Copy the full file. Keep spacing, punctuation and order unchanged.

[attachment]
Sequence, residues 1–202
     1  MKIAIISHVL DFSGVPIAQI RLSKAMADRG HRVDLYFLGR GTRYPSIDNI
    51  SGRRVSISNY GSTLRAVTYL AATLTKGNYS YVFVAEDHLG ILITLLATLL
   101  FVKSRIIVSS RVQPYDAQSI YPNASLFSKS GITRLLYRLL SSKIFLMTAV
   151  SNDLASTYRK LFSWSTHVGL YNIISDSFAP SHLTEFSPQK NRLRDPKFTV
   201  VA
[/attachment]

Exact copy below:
Sequence, residues 1–202
     1  MKIAIISHVL DFSGVPIAQI RLSKAMADRG HRVDLYFLGR GTRYPSIDNI
    51  SGRRVSISNY GSTLRAVTYL AATLTKGNYS YVFVAEDHLG ILITLLATLL
   101  FVKSRIIVSS RVQPYDAQSI YPNASLFSKS GITRLLYRLL SSKIFLMTAV
   151  SNDLASTYRK LFSWSTHVGL YNIISDSFAP SHLTEFSPQK NRLRDPKFTV
   201  VA